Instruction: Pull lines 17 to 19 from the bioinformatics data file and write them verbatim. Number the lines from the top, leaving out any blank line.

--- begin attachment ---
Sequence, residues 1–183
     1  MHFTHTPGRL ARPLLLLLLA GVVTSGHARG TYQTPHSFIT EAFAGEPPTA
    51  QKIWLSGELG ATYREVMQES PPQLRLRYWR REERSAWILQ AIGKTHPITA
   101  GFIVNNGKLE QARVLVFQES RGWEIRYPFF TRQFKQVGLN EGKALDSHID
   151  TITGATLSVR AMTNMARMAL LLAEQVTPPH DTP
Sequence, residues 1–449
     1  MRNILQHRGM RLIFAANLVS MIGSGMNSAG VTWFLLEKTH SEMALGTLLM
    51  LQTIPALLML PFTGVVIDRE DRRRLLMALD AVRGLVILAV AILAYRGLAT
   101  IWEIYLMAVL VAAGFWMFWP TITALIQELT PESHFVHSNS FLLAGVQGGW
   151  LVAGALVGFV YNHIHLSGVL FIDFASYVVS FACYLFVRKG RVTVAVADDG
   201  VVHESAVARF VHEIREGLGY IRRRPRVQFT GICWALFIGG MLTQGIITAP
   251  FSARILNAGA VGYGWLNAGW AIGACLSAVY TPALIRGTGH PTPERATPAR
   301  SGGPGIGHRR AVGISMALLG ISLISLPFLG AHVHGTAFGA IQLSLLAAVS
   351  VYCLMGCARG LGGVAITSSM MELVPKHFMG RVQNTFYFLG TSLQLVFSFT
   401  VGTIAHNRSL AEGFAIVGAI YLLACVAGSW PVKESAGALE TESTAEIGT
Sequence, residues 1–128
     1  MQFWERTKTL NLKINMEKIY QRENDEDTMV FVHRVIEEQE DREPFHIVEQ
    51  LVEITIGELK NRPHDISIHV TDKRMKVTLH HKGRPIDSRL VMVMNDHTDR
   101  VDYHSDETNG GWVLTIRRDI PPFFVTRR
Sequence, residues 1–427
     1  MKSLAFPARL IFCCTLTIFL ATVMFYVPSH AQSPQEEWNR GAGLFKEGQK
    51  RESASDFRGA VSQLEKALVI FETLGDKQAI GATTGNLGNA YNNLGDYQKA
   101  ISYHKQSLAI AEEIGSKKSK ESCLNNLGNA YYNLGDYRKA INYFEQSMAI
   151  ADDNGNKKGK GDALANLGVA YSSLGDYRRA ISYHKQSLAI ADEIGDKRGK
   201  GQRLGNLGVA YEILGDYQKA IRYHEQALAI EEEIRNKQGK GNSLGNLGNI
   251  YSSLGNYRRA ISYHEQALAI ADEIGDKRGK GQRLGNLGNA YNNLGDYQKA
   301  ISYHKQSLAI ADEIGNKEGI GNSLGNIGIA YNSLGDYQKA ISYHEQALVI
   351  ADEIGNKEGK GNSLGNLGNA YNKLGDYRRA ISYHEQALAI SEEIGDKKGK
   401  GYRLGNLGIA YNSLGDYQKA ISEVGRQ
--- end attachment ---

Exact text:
     1  MQFWERTKTL NLKINMEKIY QRENDEDTMV FVHRVIEEQE DREPFHIVEQ
    51  LVEITIGELK NRPHDISIHV TDKRMKVTLH HKGRPIDSRL VMVMNDHTDR
   101  VDYHSDETNG GWVLTIRRDI PPFFVTRR